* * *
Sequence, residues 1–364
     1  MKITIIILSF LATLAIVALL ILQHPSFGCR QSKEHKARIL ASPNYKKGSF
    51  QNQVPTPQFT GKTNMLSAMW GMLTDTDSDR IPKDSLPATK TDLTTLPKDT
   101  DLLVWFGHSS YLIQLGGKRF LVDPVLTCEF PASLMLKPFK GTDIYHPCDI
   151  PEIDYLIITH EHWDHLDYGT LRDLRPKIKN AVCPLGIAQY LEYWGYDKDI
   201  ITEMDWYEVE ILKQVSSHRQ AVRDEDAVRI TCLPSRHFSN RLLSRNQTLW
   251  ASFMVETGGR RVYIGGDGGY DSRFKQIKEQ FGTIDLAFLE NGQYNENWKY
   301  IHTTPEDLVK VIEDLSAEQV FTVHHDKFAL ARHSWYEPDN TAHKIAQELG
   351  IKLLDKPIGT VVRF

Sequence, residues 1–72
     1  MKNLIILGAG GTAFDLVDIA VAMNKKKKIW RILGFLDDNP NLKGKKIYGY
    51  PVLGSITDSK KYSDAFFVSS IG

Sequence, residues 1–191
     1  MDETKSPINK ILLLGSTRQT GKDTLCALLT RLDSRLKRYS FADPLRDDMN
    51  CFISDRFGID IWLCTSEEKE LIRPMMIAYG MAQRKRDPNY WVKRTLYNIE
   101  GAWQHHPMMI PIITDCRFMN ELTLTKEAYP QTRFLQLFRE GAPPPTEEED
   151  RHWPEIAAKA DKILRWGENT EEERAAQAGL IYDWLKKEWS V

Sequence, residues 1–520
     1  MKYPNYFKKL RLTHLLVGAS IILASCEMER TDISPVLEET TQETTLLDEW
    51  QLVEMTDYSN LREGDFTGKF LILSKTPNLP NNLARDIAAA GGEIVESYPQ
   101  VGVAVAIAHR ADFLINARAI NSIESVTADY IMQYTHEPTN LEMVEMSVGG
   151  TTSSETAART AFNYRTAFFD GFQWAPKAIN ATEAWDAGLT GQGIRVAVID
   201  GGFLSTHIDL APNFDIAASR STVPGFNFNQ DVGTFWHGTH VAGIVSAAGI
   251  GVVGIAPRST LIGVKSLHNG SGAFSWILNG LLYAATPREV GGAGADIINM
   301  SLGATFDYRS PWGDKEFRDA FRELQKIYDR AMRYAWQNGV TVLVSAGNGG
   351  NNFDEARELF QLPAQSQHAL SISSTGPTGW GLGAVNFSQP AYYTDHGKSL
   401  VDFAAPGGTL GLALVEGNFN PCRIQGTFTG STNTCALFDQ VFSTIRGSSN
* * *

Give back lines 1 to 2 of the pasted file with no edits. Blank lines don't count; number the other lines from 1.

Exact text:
Sequence, residues 1–364
     1  MKITIIILSF LATLAIVALL ILQHPSFGCR QSKEHKARIL ASPNYKKGSF